article featured image


Security research and consulting firm SRLabs exploited a vulnerability in the encryption algorithm of a specific strain of Black Basta ransomware to develop and release a decryptor tool named Black Basta Buster.

This tool, released in response to the activities of a prolific cybercriminal gang, can decrypt files affected by the malware.

However, the decryptor’s effectiveness varies; it may only partially recover some files encrypted by the gang, with limitations on the extent of recovery depending on the plaintext requirements and the size of the files, as noted by the researchers.

The Black Basta decryptor, as described on SRLabs‘ GitHub page, allows for the recovery of individual files if the plaintext of 64 encrypted bytes is known.

However, merely knowing 64 bytes is not enough; these known plaintext bytes must be in a part of the file that the malware targets for encryption. This recovery is more feasible for specific file types, such as virtual machine disk images, where knowing 64 bytes of plaintext in the correct position is possible.

Additionally, the decryptor can restore files ranging in size from 5,000 bytes to 1 gigabyte. For files larger than 1GB, the first 5,000 bytes will be irretrievable, but the rest of the file can be recovered.

It’s important to note that this decryptor targets a specific vulnerability in a variant of the Black Basta ransomware. Organizations affected after the group patched this vulnerability in mid-December, as reported in a Jan. 2 Malwarebytes blog post, are unlikely to find success using this tool for decryption.

Despite these limitations, the decryptor may still benefit at least 153 victims. These victims had their data leaked on Black Basta’s Dark Web site when the decryptor was effective, making them potential candidates for file recovery using this tool.

Exploiting Encryption Vulnerabilities

In April 2022, the ransomware group Black Basta emerged as a dynamic and double-extortion operator. It attacked over 90 targets within five months with a complex encryption method.

black basta ransomware


Each victim received unique binaries, a strategy highlighted by Trend Micro. Researchers link Black Basta to FIN7, a cybercrime group believed to have stolen over $1.2 billion since 2012.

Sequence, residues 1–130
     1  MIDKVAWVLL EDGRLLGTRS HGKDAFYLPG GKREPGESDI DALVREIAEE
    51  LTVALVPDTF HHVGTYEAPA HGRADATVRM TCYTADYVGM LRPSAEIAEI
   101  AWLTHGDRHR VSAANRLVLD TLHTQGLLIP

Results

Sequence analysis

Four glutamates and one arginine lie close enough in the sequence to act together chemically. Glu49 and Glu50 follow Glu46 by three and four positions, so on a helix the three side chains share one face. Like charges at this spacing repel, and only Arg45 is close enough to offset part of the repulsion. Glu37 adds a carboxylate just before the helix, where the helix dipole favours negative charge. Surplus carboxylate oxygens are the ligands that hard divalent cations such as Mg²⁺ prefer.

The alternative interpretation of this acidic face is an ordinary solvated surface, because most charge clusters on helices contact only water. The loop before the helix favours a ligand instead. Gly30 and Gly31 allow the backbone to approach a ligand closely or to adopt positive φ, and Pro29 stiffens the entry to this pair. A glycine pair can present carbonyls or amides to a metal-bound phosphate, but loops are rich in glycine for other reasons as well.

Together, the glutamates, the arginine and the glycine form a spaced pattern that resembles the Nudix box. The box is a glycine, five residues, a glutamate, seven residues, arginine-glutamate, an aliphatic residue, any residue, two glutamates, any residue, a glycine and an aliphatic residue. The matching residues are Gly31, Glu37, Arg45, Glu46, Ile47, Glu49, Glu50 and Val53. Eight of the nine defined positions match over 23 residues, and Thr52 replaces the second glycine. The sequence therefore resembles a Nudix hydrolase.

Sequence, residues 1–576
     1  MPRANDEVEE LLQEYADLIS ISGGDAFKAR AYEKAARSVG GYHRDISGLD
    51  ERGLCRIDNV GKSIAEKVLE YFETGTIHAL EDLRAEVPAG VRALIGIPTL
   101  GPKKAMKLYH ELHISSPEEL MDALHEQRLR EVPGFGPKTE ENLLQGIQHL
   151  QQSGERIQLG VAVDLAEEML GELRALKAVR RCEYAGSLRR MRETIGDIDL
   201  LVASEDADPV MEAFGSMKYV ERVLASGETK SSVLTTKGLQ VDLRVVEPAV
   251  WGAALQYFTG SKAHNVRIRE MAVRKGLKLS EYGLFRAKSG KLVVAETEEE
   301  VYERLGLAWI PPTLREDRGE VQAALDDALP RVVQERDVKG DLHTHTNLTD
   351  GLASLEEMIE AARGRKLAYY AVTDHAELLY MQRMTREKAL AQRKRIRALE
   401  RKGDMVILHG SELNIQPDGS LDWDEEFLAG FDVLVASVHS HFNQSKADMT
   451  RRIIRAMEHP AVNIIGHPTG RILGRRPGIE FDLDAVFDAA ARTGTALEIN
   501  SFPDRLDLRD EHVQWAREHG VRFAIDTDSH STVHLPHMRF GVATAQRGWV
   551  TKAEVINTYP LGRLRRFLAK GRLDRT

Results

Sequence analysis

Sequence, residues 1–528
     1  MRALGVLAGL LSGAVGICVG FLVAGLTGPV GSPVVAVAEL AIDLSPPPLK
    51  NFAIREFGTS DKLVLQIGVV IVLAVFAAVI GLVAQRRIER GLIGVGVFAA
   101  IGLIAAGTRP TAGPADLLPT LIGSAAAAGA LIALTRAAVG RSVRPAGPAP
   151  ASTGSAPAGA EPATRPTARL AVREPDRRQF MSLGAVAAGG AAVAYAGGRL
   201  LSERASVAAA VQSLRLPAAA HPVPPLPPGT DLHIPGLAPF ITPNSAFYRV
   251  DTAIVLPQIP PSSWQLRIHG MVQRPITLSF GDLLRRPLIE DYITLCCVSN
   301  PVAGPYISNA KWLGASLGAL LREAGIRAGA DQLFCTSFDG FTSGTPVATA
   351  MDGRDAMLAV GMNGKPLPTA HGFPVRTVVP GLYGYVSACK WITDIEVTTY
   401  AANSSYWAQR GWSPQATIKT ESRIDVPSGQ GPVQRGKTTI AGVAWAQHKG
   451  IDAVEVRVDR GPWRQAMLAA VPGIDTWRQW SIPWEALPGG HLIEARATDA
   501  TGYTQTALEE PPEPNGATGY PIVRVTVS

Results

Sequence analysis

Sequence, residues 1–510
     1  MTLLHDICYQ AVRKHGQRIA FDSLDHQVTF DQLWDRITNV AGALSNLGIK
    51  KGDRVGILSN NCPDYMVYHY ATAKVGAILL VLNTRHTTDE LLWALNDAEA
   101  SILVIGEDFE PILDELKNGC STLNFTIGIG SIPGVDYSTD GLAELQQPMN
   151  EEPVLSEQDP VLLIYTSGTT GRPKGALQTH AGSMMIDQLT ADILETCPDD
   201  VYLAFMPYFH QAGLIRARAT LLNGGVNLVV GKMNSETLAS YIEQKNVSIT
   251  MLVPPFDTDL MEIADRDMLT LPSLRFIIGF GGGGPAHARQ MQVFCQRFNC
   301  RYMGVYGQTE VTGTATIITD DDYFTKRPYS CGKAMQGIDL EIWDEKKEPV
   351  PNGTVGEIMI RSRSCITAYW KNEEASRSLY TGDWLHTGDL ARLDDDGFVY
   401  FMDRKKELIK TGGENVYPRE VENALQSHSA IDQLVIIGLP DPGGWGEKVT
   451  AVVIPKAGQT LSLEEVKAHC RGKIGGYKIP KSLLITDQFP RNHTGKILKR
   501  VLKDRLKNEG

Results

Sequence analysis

The Black Basta Buster tool exploits a weakness in the basic ChaCha keystream used by Black Basta. This keystream XOR-encrypts 64-byte segments of the targeted files, as detailed on SRLabs’ GitHub.

Here’s how Black Basta’s ransomware works: It encrypts the first 5,000 bytes of a file. Then, it repeatedly uses the same 64 bytes for XOR encryption of subsequent segments.

Here’s a webinar snippet where our Cyber-Security and Heimdal® Product Expert & Head of Pre-Sales showcase how Black Basta ransomware encrypts devices and does a quick analysis on it.

The initial 5,000 bytes are securely encrypted by Black Basta, leading to their loss in larger files. However, the following chunks are less secure, allowing plaintext recovery.


Recovery chances are highest for virtualized disk images. The researchers point out that their data partitions and filesystems usually begin further into the file.

For organizations using the decryptor, locating a zero sequence in the file is the simplest method to determine recoverability.

Decrypting large files without substantial zero-byte segments [data-less strings] is feasible but requires an unencrypted version of the file. Often, this negates the purpose of decryption.

However, in rare situations, a previous file version might meet decryption requirements without containing the desired information.

To prevent the need for ransomware decryption, organizations should strive to avoid breaches.

This means blocking typical attacker entry points by promptly fixing vulnerabilities and disabling or strengthening remote access to thwart ransomware threats.

Additionally, organizations should deploy endpoint security software to block intrusions and use endpoint detection and response (EDR) and managed detection and response (MDR) systems to spot any unusual activities in case attackers infiltrate the system.

Heimdal Official Logo
Secure your business with advanced 24x7 Protection.
Amplify the power of your security operations with Heimdal’s 24x7 fully Managed Extended Detection & Response (MXDR) solution.
  • End-to-end consolidated cybersecurity;
  • Powered by the Heimdal XDR, Unified Security Platform
  • Comprehensive enterprise security without any additional integrations
  • 24x7 monitoring & prompt response delivered by our security experts
Try it for FREE today 30-day Free Trial. Offer valid only for companies.

If you liked this article, follow us on LinkedInTwitterFacebook, and YouTube for more cybersecurity news and topics.

Author Profile

Gabriella Antal

SMM & Corporate Communications Officer

linkedin icon

Gabriella is the Social Media Manager and Cybersecurity Communications Officer at Heimdal®, where she orchestrates the strategy and content creation for the company's social media channels. Her contributions amplify the brand's voice and foster a strong, engaging online community. Outside work, you can find her exploring the outdoors with her dog.

Leave a Reply

Your email address will not be published. Required fields are marked *